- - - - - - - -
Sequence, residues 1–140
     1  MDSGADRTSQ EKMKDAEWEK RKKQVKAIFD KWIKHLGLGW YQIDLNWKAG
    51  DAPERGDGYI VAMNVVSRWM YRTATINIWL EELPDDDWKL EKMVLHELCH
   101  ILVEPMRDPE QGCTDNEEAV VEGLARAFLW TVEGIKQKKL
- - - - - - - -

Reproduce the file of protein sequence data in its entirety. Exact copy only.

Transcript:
Sequence, residues 1–140
     1  MDSGADRTSQ EKMKDAEWEK RKKQVKAIFD KWIKHLGLGW YQIDLNWKAG
    51  DAPERGDGYI VAMNVVSRWM YRTATINIWL EELPDDDWKL EKMVLHELCH
   101  ILVEPMRDPE QGCTDNEEAV VEGLARAFLW TVEGIKQKKL